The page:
Would astronauts live without fuel on the moon?

Written by By Dr. Josh Richards, CNN A new lunar rocket to fly unmanned and powered solely by sunlight will launch for the first time in February next year, according to NASA. The agency’s…

Would astronauts live without fuel on the moon?

Written by By Dr. Josh Richards, CNN

A new lunar rocket to fly unmanned and powered solely by sunlight will launch for the first time in February next year, according to NASA.

The agency’s Centaur is a reusable heavy-lift rocket capable of sending astronauts on a lunar flyby of the moon. It will be 50 feet (15 meters) tall and has a diameter of 16 feet (4.5 meters).

Even more exciting, the Centaur is powered by a rechargeable hydrogen-inflated gas launcher which stores fuel in thin air molecules. This could mean that astronauts never have to burn fuel, not only advancing the development of rocket propulsion technology, but saving a tremendous amount of pollution.

It’s all part of NASA’s ambitious goal of creating a colony on the moon by the 2030s. Here, a look at how the Centaur could improve astronauts’ lives.

NASA’s Inflatable Propulsion Systems Concept Work Package Image: NASA

Lunar footprints

Engineers are also aiming to develop “an inflatable lunar landing module” for expeditions where the days between landing and docking are long.

To reach the moon, astronauts will need to perform extensive service checks on the spacecraft. This work has usually required the use of chemical fueling, which, in today’s climate, generates significant amounts of toxic waste. The proposed detachable Lunar Cargo Storage Module will ferry supplies from the planet to the lunar surface.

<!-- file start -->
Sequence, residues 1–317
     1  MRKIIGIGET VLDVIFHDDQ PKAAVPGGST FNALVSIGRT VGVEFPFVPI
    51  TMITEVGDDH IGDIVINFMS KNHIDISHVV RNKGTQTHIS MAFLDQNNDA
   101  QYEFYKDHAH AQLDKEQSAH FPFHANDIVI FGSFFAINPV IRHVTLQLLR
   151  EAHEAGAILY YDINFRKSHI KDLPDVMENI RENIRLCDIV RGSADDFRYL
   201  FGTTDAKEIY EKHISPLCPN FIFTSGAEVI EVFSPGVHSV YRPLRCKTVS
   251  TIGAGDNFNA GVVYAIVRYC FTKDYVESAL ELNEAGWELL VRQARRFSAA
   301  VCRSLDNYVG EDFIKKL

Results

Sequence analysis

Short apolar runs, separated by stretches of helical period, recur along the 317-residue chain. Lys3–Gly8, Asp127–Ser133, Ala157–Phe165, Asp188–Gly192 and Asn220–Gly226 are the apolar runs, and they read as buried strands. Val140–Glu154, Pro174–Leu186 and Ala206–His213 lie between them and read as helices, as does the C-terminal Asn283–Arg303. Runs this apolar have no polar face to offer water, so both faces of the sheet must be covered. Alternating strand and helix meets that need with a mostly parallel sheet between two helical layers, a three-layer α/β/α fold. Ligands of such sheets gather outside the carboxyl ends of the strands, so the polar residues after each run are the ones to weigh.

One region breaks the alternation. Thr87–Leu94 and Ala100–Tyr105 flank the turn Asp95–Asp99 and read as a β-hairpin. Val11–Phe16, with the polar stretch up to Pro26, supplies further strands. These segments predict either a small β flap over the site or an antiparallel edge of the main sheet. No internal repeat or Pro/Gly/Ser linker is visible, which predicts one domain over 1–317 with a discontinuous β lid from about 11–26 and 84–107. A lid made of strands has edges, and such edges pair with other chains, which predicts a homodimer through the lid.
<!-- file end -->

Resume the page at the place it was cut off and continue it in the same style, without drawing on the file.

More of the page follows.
A composite of the Centaur rocket, reusable container and inflatable Lunar Cargo Storage Module. Credit: NASA

The use of ultra-small spacecraft could help with minimizing pollution, therefore reducing the footprint of a manned mission to the moon.

Cosmic rays from comets, leftover hot rocks from our own solar system and even meteorites are some of the elements thought to be in greater abundance in the outer reaches of the solar system. An inflatable capsule might be able to sail through such waste streams and reach the moon’s surface with little problem.

The reloablity of the refuelling after a mission to the moon would also make it easier to pass through dangerous areas during construction missions.

Cable tea party

Another possibility would be to use the Centaur for flight experiments aboard the spacecraft itself, which could be in the form of a biro balloon or a cubesat equipped with a special antenna.

Solo lightsabre fights will be a reality if scientists have their way

The Centaur would also be well suited to capturing and reusing, with solar power, other scientists’ experiments while flying through near Earth space, or even for transporting technical equipment — such as a powerful laser laser.

A CubeSat carried inside a Centaur. Credit: NASA

If these secondary experiments were to be teleported via the space agency’s Internet, their data and mass could be used to help humans explore beyond Earth, while NASA scientists kept an eye on their experiments.

Leave a Comment